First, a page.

I spent the evening of May 30th in the living room of Gayle Moran and Chick Corea. The odd thing is they now appear to have moved their living room to the elegant confines of the Weill Recital Hall at Carnegie Hall. As the old saying goes…”How do you get to Carnegie Hall? Practice, Practice, Practice.” It seems the two lovebirds of 40 years now, Gayle and Chick, have practiced plenty enough. On this evening they invited a couple of their old friends, Mika and Richard Stoltzman, and other members of their circle of musical compatriots such as bassist David Finck, drummer Duke Gadd (yes, the son of that other Gadd named Steve), pianist David Pihl, percussionist Bill Cahn and members of The Harlem String Quartet plus other assorted musicians to join them. A few hundred of their closest friends and admirers, me among them, joined them as well for a marvelous night of music.
OK, enough of my silliness. This was a formal concert featuring the esteemed clarinetist, Mr. Stoltzman and his marimba master wife Mika titled New Genre! Part II and Gayle Moran Corea was their special, performing guest. She just happened to bring her piano-playing hubby along. I will say that this was possibly one of the most fun and informal, formal musical affairs I have ever witnessed and a great joy for all that were lucky enough to be there. One is not likely to see a concert such as this very often as the musicianship was top notch, the variety of the repertoire was astounding in scope, the setting was magnificent and the spirit conjured by the casual presentation by the players set the tone for a relaxed evening of inspiring music.
The evening was divided into two parts, the first featuring the world premiere of four pieces with the “High-wire jazz marimbist” Mika Stoltzman in the spotlight. The 3-part Marimba Concerto 1. Mkalypso 2. Choral 3. Jubilation by Bill Douglas was an astounding beginning to the night. The piece had everything from jazz to classical to world music elements and was performed with flawless precision and gleeful spirit. A challenging piece simply titled Duet by Steve Reich followed and this was when the true informality of the evening first appeared. Well into the performance Mika began to talk to the players closest to her. It appeared to be communication one might witness during most any jazz performance between the players but soon Mika raised her arms to stop the performers and announced that she had gotten lost and wondered if they might start again. There were no gasps of shock from the audience in this grand hall, instead laughs of acceptance and enjoyment. The piece began again and was completed beautifully, followed by more brilliant music written by John Zorn and William Thomas McKinley, who just happened to be in the audience and was summoned to the stage to take a bow with the performers to end the set leading to intermission. Again, the casual nature of the evening exposed itself. There were some ties but no suits, and drummer Duke Gadd, complete with Generation X tattoos and a cool hat, even ended one of the pieces with a raised fist and loud exclamation of finality! Can you say “Funky but chic?”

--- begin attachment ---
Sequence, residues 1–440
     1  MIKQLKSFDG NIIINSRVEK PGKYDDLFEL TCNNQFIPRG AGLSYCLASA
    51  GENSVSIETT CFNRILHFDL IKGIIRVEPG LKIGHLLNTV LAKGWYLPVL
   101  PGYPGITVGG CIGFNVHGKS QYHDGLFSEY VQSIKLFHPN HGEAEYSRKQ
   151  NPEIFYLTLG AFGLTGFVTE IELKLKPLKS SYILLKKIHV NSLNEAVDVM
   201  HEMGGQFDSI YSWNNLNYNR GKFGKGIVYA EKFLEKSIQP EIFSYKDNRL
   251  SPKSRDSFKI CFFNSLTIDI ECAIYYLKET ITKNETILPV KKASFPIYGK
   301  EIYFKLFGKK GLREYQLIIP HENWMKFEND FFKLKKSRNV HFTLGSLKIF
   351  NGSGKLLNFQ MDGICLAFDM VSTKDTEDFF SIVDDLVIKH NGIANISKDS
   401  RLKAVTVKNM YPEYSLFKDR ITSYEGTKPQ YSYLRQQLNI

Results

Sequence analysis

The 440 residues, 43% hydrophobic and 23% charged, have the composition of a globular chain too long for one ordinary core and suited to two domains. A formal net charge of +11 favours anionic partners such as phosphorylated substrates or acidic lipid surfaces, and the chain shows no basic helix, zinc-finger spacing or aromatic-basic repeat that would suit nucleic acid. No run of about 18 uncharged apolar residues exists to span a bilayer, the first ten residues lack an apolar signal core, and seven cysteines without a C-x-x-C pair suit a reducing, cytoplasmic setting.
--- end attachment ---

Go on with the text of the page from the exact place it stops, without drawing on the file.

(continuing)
Part two of the performance was a complete Corea Celebration! Except for a couple of standards that were surprise additions to the set list, more on that later, the six pieces were written by either Gayle Moran Corea or Armando Anthony “Chick” Corea. First, Gayle took the stage with The Harlem String Quartet, the marvelous group that joined with Chick and Gary Burton on the recent, Grammy-winning release Hot House, to perform her beautiful song “Your Eyes Speak To Me” which she explained was written some years ago for her then beau during a time when they needed a little kindness between them in the early stages of their relationship. The beau in question, a young lad from Chelsea, MA, just happened to be in town on this evening and had been coaxed to join her and the quartet on stage to play piano. After more casual conversation between them Gayle welcomed the audience to the Corea “Living Room” to listen in as the couple treated the listeners to a beautiful rendition of the classic “Come Rain Or Come Shine.” Chick left the stage and took his seat in the audience with the rest of the partygoers, adding more to the casual nature of the night. Richard and Mika Stoltzman, the fantastic bassist David Finck, young drummer, Mr. Gadd and the quartet rejoined Gayle on stage for the next piece.